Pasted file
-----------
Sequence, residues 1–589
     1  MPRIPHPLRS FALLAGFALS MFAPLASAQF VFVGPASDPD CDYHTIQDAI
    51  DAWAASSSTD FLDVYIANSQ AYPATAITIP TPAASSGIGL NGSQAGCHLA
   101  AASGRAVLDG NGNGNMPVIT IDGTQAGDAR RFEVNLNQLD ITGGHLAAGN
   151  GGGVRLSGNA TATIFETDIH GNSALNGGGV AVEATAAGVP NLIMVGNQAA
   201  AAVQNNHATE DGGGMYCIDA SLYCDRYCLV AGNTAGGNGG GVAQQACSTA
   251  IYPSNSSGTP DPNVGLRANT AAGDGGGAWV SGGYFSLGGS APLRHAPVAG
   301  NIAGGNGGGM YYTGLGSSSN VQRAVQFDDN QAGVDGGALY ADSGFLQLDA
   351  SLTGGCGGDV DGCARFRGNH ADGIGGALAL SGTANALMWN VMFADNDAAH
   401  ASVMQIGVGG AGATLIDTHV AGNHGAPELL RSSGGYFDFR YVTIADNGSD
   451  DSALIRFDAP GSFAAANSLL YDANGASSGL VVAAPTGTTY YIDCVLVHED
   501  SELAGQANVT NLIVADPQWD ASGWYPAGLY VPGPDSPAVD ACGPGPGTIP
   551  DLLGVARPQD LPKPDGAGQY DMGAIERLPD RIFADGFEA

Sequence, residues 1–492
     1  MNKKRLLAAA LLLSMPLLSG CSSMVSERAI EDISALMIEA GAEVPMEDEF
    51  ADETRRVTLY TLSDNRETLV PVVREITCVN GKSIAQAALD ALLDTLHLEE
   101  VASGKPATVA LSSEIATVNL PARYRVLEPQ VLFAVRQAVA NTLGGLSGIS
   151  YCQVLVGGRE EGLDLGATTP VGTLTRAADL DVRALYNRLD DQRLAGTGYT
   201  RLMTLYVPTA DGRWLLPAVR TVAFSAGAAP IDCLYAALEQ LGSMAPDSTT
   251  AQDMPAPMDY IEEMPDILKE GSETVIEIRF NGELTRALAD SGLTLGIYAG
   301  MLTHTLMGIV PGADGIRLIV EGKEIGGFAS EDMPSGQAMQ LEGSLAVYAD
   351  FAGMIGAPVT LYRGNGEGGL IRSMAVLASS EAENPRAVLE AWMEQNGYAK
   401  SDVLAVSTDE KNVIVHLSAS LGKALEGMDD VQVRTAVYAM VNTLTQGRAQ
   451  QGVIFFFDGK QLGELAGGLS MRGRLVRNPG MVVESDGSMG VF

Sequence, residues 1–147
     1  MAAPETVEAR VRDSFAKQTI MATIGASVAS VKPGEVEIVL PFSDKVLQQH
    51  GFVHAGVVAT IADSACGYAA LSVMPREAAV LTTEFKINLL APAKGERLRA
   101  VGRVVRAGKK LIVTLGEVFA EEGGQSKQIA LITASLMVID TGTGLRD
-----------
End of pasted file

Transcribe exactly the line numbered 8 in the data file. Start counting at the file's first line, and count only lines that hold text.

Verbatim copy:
   301  NIAGGNGGGM YYTGLGSSSN VQRAVQFDDN QAGVDGGALY ADSGFLQLDA